We Advancement People: Reflections from the CASE-NAIS 2024 Conference

by Barbara Barron | Posted January 31st, 2024 | Subscribe to this newsletter

There’s something special about sitting in a room with 1,400 advancement professionals from around the country.

That was the sell-out crowd gathering in Austin for the CASE-NAIS 2024 national conference.  And while this is not our first rodeo since COVID, it still felt unmistakably festive to be together again. For some of us, it was the first time back. For others, it was a first time.

For many reasons, about which I have written, our profession is one with a high level of turnover. So, whether people are in new positions, at new schools, or new to the profession, this annual conference is an important touchstone for all of us to learn new skills, gather fresh ideas, reconnect with others, remember we are not alone in this “weird” wonky world, and to have some fun.

Thanks to the excellent conference planning committee, most of us got to enjoy events we did not have to organize ourselves!

My takeaways are many. But for our purposes here, I wish to reflect on the value of being an advancement person in an organization. There is so much we can do and do bring to our schools and their cultures. Here are a few:

1.     Holding institutional knowledge

So much of culture is set by shared language and habits. Advancement people get that. We tend to be quick studies when it comes to picking up what people love and cherish about our school’s culture. We hear it from parents, teachers, and alumni when we ask them why they get and then stay involved, and why they give (you are asking that question, aren’t you!?).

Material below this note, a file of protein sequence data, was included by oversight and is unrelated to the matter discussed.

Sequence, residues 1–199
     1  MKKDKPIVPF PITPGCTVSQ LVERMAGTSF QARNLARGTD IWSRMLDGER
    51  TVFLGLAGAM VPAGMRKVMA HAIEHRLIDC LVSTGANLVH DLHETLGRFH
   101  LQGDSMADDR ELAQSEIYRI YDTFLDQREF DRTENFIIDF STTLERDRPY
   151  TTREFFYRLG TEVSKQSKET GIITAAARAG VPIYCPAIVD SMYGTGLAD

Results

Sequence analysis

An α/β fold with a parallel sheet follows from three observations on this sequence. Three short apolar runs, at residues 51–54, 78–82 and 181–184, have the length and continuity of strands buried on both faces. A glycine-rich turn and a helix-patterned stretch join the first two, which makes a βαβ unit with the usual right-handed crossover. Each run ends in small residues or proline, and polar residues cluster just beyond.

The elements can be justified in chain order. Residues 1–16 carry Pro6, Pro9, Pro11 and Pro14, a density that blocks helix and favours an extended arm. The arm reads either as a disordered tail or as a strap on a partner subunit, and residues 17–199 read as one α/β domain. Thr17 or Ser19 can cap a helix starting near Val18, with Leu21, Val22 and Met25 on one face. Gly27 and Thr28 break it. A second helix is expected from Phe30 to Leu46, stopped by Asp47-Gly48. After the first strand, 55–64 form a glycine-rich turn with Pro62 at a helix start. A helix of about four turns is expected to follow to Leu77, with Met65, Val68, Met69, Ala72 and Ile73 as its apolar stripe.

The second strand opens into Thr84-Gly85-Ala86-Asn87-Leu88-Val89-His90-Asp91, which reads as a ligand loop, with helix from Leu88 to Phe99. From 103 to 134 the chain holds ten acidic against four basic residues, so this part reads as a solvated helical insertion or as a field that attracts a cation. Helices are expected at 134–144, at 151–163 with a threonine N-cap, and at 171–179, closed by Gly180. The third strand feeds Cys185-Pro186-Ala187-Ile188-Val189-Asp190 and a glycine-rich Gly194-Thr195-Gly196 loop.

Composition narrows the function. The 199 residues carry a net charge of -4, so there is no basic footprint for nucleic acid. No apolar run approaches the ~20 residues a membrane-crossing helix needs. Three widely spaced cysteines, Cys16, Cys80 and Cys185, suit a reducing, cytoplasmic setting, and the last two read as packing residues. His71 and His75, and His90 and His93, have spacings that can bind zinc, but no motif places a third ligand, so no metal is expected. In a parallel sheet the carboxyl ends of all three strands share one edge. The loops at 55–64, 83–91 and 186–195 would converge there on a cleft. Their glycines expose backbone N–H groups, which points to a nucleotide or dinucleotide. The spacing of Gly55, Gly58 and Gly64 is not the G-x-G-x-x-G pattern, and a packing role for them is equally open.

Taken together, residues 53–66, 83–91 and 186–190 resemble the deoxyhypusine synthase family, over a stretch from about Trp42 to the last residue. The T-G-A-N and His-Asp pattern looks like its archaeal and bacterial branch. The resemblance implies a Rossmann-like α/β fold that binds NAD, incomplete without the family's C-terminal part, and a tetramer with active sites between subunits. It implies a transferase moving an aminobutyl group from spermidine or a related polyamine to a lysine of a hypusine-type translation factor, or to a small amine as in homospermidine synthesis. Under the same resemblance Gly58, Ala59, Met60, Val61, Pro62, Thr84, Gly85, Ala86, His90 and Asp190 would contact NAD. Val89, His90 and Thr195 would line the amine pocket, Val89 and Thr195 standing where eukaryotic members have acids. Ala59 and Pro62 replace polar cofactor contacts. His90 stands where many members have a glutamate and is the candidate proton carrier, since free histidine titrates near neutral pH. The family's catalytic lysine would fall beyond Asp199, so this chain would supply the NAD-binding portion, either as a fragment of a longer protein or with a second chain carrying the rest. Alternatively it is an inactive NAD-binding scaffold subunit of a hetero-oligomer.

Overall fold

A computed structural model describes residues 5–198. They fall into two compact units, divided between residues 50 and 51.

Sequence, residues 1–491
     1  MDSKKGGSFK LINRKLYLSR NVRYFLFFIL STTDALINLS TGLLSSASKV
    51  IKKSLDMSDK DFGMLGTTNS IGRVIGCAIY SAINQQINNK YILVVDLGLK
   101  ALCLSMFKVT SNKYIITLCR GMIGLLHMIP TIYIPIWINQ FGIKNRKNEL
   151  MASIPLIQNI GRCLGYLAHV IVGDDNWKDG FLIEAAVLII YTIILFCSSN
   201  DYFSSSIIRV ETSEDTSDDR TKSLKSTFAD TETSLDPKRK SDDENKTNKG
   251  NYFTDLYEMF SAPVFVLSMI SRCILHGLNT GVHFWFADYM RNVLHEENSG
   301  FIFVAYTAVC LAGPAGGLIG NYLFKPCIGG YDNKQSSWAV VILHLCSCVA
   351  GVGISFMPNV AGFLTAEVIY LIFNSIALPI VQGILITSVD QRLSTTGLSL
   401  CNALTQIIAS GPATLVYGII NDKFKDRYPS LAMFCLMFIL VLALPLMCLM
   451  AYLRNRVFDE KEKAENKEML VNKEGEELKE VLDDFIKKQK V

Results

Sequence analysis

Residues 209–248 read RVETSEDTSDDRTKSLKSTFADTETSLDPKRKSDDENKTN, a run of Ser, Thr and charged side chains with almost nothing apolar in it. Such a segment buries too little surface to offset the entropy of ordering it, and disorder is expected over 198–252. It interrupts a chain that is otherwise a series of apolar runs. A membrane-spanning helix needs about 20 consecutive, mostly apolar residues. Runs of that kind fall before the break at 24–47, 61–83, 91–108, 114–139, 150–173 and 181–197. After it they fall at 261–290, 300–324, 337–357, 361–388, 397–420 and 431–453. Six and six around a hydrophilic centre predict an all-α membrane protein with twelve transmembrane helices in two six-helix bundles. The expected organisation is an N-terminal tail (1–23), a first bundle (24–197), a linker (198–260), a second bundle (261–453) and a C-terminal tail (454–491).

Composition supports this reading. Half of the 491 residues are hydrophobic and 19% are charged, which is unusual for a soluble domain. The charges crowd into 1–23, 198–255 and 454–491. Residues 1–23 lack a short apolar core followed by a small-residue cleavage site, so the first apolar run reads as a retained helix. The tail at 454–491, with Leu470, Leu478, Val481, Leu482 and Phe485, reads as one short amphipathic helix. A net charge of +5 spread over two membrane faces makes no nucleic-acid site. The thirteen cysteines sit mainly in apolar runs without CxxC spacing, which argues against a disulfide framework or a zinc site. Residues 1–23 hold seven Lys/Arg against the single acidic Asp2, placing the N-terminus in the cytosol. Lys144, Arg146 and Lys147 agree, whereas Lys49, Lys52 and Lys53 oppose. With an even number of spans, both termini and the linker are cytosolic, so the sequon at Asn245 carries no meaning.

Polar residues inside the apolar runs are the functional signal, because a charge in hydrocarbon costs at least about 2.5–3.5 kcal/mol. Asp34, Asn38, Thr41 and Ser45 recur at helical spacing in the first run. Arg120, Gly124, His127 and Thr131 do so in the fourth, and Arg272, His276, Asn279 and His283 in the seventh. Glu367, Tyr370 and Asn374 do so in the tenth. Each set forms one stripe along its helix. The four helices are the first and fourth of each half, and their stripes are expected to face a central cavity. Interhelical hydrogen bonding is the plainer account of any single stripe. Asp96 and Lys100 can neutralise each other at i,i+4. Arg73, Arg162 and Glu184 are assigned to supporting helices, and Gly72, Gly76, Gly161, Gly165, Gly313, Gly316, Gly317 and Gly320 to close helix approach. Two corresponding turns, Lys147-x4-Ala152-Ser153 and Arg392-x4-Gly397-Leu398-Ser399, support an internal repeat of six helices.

We can preserve the stories families tell us and track their giving, so we have a keen sense of what matters to them.  We help hold the memories of the place.

When a new Head or trustee joins us in our work of approaching a family, we are the ones who know the history. That’s vital to furthering the relationship and connecting the family and their love of the school to its needs and initiatives. That can feel like magic.

2.     The natural tendency to collaborate

Not true for everyone, of course, by most of the best advancement pros I know are only too happy to help others. Even if we are competitive with ourselves or in other parts of our lives, we don’t tend to be so in the work. That’s because most of us are not in competition with other schools for donors, so we can be more generous with our ideas, our time, and our expertise.  We are a sharing people. Moreover, it’s virtually impossible to do our work well alone. It’s simply not a solo sport. So even if we don’t come to it naturally, or aren’t always thrilled to do it, we learn quickly how to collaborate. That skill set is valuable as we model it for other departments.

 3.     Seeing how things are connected

While other departments might work in a siloed fashion, and some development and admission departments still do, too, at the healthiest schools, we must look outward and in a 360-degree manner to be effective.  This gives advancement people a deep understanding of the interconnectedness of life on a school campus. We see the arc of experiences parents have. We watch the way students move through their years with us and notice if they have models for how to be an active and effective alum. We watch when the Dean of Students or the CFO communicates or doesn’t with us about things, they learn that can help us all do a better job of supporting families. If invited, we help others see and value those connections. Together, we’re all able to work respectfully and professionally, sharing vital information and insights that serve our students and their families better.